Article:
A Quick Peek At Whiptails (Teiidae)

The stomach scales of the Teiidae are much larger than those of other lizards.

Differences between sexes: In the sexually mature male the head is somewhat broader and foreshortened and the femoral pores are much more noticeably prominent than in the female. The base of the tail of the male is thickened by the presence of the hemipenis sheath. A definite determination of sex, particularly for juveniles, is only possible with the use of a probe.

Rainbow Whiptail Lizards

Reproduction: In nature tegus lay their eggs in termite hills, which not only protects them from predators but also provides them with a constantly maintained temperature. Jungle runners bury their eggs in the ground. Eggs laid in the terrarium must be transferred to an incubator. Some species of these lizards are parthenogenetic; in a few of these, only females are known to exist; in others, males are rare. In the wholely parthenogenetic species, the females do not require fertilization by males to produce viable eggs. When they hatch, all the baby lizards from these lizards are, of course, female.

General maintenance advice: In their search for hiding places whiptails dig vigorously and fling the earth quite far in the process. Therefore the earth floor of the terrarium should consist of leafmold or evergreen-needle mold and, to avoid the danger of broken glass, should contain no stones.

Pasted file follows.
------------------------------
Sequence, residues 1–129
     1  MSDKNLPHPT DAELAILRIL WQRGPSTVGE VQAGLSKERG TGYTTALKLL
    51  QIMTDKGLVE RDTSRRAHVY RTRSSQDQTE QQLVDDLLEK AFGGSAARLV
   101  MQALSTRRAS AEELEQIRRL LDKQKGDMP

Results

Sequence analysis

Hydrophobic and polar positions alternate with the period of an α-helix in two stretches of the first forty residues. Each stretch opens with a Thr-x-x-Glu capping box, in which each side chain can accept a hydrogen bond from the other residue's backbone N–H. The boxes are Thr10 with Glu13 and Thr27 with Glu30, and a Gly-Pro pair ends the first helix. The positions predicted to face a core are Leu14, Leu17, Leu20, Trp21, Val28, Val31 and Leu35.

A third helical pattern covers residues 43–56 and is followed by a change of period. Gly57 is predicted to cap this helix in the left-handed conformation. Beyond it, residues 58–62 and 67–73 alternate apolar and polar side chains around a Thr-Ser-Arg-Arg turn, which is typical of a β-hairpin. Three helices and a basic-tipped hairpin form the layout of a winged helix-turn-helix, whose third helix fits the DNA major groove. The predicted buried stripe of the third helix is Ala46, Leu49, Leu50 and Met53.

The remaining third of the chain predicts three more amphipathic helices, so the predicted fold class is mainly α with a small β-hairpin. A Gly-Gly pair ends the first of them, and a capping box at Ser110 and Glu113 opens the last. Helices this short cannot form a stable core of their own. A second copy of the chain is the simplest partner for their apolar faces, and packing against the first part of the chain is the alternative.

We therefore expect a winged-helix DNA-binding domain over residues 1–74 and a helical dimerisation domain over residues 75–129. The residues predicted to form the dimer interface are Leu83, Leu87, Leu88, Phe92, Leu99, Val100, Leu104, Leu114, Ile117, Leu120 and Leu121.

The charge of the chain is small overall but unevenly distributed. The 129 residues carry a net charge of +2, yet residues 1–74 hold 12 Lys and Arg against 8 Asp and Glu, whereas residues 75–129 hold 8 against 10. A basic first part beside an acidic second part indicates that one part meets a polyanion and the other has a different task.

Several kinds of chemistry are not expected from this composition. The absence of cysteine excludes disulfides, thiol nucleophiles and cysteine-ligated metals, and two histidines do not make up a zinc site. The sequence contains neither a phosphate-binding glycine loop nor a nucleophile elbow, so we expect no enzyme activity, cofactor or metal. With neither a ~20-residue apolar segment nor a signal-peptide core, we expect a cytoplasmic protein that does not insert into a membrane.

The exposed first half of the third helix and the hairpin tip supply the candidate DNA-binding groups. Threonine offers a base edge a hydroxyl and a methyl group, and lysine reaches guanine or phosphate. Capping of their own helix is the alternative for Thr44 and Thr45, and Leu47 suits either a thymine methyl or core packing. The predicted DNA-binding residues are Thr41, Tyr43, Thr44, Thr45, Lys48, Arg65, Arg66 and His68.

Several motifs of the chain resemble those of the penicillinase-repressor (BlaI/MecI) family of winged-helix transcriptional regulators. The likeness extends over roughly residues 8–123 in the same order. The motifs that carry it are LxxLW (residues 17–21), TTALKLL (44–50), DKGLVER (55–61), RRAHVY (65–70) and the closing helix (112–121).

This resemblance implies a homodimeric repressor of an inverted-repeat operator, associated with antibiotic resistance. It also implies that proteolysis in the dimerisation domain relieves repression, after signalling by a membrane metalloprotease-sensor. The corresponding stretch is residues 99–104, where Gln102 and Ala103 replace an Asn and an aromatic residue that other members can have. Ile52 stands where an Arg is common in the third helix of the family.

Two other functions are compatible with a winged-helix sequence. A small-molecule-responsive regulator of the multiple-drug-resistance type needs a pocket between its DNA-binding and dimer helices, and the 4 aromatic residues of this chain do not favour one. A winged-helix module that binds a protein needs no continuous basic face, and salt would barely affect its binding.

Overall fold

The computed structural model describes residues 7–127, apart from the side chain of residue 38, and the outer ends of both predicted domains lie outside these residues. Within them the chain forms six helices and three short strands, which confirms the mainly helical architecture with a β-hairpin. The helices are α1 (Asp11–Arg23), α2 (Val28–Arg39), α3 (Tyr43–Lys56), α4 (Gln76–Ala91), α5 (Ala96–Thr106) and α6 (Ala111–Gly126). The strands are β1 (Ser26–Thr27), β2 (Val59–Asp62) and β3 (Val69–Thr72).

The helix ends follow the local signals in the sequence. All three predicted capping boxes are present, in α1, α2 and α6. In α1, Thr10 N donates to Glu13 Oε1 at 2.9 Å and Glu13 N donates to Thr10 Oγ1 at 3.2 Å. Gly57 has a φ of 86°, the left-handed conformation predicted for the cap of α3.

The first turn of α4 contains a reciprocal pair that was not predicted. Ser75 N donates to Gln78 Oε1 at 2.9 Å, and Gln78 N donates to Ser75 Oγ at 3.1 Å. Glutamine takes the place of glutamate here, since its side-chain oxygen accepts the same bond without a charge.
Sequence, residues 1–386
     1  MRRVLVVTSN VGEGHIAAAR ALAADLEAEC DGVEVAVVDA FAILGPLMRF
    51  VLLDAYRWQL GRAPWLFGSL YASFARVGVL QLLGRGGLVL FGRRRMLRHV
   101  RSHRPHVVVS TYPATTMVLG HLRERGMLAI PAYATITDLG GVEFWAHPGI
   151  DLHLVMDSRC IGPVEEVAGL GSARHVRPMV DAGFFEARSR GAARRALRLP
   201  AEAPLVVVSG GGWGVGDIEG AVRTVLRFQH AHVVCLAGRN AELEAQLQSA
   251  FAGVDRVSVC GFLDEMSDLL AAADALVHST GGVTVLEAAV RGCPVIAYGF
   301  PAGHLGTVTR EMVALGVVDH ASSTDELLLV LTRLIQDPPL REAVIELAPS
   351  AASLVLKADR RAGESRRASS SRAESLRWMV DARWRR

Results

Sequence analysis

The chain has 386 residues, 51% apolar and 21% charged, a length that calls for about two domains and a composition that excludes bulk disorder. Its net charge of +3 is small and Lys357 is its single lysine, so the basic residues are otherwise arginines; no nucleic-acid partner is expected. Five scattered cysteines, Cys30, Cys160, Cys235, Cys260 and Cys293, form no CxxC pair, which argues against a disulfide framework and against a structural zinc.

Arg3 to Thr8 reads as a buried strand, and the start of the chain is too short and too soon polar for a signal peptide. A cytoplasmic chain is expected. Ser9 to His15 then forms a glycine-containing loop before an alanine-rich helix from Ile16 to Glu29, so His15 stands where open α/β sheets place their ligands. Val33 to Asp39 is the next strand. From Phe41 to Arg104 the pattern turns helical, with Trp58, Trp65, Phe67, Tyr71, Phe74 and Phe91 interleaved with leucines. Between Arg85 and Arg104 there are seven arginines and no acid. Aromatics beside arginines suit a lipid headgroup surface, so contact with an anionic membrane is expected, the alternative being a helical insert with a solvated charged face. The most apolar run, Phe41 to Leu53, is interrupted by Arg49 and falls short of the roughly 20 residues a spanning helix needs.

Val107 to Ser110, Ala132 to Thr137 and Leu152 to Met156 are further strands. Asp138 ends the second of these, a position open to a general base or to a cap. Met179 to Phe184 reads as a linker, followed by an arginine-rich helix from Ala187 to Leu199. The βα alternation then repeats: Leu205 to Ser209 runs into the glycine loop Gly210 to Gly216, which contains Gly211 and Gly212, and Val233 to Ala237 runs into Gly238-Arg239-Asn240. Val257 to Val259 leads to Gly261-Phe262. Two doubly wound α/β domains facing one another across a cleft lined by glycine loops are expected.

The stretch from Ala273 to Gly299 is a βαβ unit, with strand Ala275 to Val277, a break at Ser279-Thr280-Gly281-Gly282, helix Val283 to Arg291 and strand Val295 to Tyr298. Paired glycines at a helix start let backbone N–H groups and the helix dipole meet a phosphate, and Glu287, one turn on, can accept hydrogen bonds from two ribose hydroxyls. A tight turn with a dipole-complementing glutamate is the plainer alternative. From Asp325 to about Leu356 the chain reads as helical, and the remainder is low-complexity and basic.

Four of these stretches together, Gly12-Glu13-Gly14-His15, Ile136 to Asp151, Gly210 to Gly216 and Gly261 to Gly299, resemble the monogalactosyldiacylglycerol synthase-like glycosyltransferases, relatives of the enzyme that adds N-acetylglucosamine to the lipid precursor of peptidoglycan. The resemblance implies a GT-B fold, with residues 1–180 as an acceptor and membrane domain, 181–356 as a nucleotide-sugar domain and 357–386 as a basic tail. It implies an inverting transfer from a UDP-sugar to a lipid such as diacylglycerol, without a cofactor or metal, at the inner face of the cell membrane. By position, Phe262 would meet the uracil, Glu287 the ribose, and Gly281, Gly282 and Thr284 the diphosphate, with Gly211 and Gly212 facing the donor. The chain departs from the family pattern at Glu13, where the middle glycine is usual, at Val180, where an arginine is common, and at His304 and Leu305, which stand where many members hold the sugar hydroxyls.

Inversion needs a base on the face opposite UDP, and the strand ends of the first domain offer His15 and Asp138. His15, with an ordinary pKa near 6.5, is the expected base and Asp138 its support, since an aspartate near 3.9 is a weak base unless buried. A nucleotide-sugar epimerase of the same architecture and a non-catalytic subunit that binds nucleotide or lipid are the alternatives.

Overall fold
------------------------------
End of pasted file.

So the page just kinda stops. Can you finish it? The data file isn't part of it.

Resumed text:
Whiptails are solitary; a collection of several therefore depends on the behavior of the individuals. To separate an aggressive animal from a submissive one or to separate a female that wants to lay eggs, you can divide the terrarium as necessary with a fence. In that case, however, it is important to maintain constant sight contact and the possibility for the animals to touch each other with their tongues. This will simplify recombining them later.

Jungle runner

Ameiva ameiva (Linnaeus, 1758)

Total length: 20 inches (50 cm). Head-torso length: 6 inches (15 cm).

Distribution and Description: Central America southward to the mouth of the Rio de la Plata in South America; naturalized in Florida.

Habitat: Grassy forests, bush country, high grass.

Identifying characteristics: Pointed head, cleft tongue. Behavior: Diurnal. Inhabits ground, stumps, and low branches. Likes to dig. Solitary.

Maintenance: Terrarium 48 x 24 x 24 inches( 120 x 60 x 60 cm) for five lizards.

Decoration: Branches, stumps, twigs, plentiful plants from Central and South America; protect plant roots by planting in a wire basket. Sunning places and UV lighting.

Temperature: By day 77° to 86°F (25 – 30°C); by night 68° to 77°F (20 -25°C).

Humidity: 60 to 80 percent.

Food: Insects and spiders, baby mice, earthworms, eggs; some animals also like fruit. Drinking water will be licked from the plants.


Tupinambis teguixin nigropunctatus (Spix, 1825)

Endangered species designation: WA II Total length: 48 inches (120 cm). Head-torso length: 20 inches (50 cm).

Distribution: North and central South America. Habitat: Thin forests with thick underbrush.

Identifying characteristics: Cleft tongue. Behavior: Diurnal. Lives in ground and stumps. Likes to dig. Solitary.

Maintenance: Shallow terrarium, 80 X 40 X 28 inches (200 x 100 x 70 cm), for one male and two females.

Decorations: Branches, stumps, large stones. Water containers for swimming. Only rugged plants from Central and South America, their root balls protected by a wire basket. Sunning places and UV lighting.

Temperature: By day 77° to 82° F (25 – 28°C); by night 68° to 77°F (20 – 25°C).

Humidity: 60 to 90 percent.

Food: Insects, earthworms, baby and later grown mice, freshwater fish, eggs, fruit; in natural habitat also small reptiles and amphibians.

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